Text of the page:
What is your brand?
One of the first questions I always ask when a new business enquiry comes in is, “Do you have a brand?” If they are a Start-Up this is usually why they’ve come to me, but sometimes if they are a small business I get a return email with a low resolution logo attached and then we have the conversation:
“Your brand is so much more than a logo,” I explain. “Your brand is in everything you do, especially when it’s your own business. Your brand’s personality and your proposition is what will make you stand out from the crowd.”
Carefully crafted marketing, websites and PR do matter but for any Start-Up or Entrepreneur the biggest way we connect is personally – meeting up, social media, emails and telephone calls create a dialogue that without even thinking about it you automatically tailor to that person. It’s not flashy and the main resource it needs to develop is your time, but for entrepreneurs doing things personally is how we attract new business and keep it.
Who is your audience?
My second question is always, “Who is your audience?” You can have the best idea ever but if it doesn’t sit well with your audience you have to park it. I remember when in my days working on government branding a newly appointed Senior Civil Servant wanted to scrap a really good brand and screate a new one just because he didn’t like the colour:
“It doesn’t really matter if your favourite colour is purple,” I explained. “It’s a waste of money and the brand has been created around what our users like and need, not our individual preferences.”
I’m happy to say Women Entrepreneurs are far more savvy – all my clients get instantly why we need to spend some time working on their brand, because campaigns come and go but your brand is with you every step of the way on your business journey.
What’s your brand uniform?
Representing your brand and connecting with your audience is a bit like putting on a uniform, you choose what will best help you connect with your audience. I wouldn’t turn up to a business meeting with a new client in my ripped jeans and with unwashed hair but I wouldn’t go to talk to a mums group in my little black LK Bennett dress and six inch heels either (they don’t fit since I had a baby anyway!)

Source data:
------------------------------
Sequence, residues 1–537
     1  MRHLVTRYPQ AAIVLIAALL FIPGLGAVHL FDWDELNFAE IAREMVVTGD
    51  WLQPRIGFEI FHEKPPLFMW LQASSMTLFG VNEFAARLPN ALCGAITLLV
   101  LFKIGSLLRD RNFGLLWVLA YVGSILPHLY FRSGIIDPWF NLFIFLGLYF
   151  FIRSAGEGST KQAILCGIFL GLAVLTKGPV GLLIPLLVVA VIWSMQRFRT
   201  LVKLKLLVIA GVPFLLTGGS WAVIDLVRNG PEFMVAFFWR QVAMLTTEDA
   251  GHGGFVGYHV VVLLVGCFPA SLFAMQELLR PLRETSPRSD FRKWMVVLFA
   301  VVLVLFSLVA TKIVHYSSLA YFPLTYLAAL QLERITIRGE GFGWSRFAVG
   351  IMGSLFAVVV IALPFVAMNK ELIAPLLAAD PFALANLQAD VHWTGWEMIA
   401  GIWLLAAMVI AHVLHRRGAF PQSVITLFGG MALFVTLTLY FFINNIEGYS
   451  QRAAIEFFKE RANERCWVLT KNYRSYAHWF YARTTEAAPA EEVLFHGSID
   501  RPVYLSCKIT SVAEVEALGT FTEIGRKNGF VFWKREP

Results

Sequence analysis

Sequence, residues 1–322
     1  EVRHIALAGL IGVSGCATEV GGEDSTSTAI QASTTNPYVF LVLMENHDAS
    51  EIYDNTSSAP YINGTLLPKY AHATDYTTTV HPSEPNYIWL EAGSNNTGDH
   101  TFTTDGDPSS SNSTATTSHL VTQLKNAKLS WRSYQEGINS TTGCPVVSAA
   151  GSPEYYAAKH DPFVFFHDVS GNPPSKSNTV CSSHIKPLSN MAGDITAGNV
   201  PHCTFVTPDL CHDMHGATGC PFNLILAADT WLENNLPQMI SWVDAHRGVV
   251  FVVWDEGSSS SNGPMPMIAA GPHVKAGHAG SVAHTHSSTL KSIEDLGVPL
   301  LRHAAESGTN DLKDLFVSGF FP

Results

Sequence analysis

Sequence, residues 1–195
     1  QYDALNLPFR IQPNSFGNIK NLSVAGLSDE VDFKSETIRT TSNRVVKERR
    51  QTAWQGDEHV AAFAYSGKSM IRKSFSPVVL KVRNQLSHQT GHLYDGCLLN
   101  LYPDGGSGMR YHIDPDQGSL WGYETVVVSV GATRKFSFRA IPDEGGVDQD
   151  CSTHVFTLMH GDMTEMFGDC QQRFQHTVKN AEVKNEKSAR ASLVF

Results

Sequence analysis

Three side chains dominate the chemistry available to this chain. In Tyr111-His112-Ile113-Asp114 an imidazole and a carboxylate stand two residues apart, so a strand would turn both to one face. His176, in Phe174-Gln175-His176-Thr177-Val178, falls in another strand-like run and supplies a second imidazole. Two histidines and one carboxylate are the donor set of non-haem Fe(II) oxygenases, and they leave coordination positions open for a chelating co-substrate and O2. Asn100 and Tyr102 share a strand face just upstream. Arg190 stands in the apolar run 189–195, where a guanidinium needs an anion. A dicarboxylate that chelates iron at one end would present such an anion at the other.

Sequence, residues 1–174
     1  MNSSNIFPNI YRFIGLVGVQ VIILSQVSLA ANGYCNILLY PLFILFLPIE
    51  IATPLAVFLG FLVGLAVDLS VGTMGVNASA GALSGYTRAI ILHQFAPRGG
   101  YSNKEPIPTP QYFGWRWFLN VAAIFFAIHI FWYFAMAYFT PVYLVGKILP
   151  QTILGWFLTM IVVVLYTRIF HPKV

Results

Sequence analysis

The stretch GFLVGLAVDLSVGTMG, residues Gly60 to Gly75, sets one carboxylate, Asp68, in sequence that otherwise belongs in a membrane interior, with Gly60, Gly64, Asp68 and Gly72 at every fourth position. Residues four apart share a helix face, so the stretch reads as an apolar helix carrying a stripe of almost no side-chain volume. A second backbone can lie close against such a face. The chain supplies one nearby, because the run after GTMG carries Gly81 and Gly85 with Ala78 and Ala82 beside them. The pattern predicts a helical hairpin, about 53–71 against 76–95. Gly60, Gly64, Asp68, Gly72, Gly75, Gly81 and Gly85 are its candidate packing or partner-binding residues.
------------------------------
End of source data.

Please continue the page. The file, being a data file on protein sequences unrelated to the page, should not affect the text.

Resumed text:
Social media is the same, your business Twitter or Facebook account is not the same as your personal accounts. It isn’t that you aren’t being true to yourself but we all have many different parts of our personality and some we can leave hanging up in the wardrobe for another day. It’s all a question of finding the right fit: I may look longingly in the window at the latest trends from Dior I know my credit card can’t take the hit and it will be so tight I won’t be able to sit down – it’s not the right uniform for me in my business.
So here’s what you need to do to bring the right aspects of your personality to your brand.
1. Find your voice
If you don’t know what makes your business special no-one else will. It all starts with finding the right values, words and tone. As well as tone of voice and values, I like to develop one line propositions and word banks with my clients so they are never stuck for words. Never lose sight of your values, they are a useful filter not just for marketing but business decisions too.
2. Own it
If you’re talking to everybody, you’re talking to nobody. Know who your audience is and where they hang out. Not everybody is going to love you, but you want to make sure you spend time developing relationships with people who get your business because it resonances with their own values, tastes and ambitions.
Take control of your online presence with stories and images that connect emotionally with your audience. Personally, I prefer quality over quantity, and I think you need to pick the channels that work for you. I love Twitter and I really enjoy chatting to people on there, I’m not just broadcasting my books or branding services.
And here’s a big free tip – your About Me page is never about you and it should not be an online CV! It’s about authentically connecting with your audience and telling your story in a way that connects with them.
Amy Beeson works one-to-one with women entrepreneurs to share her communications know-how and create brands and campaigns not just for you but with you. She also co-writes with her mum, health visitor Sarah Beeson MBE The New Arrival: heartwarming true story of a trainee nurse in 1970s London and new parenting book Happy Baby, Happy Family: Learning to trust yourself and enjoy your baby are published by HarperCollins.
This article was originally written by Amy Beeson for The Talented Ladies Club in March 2015.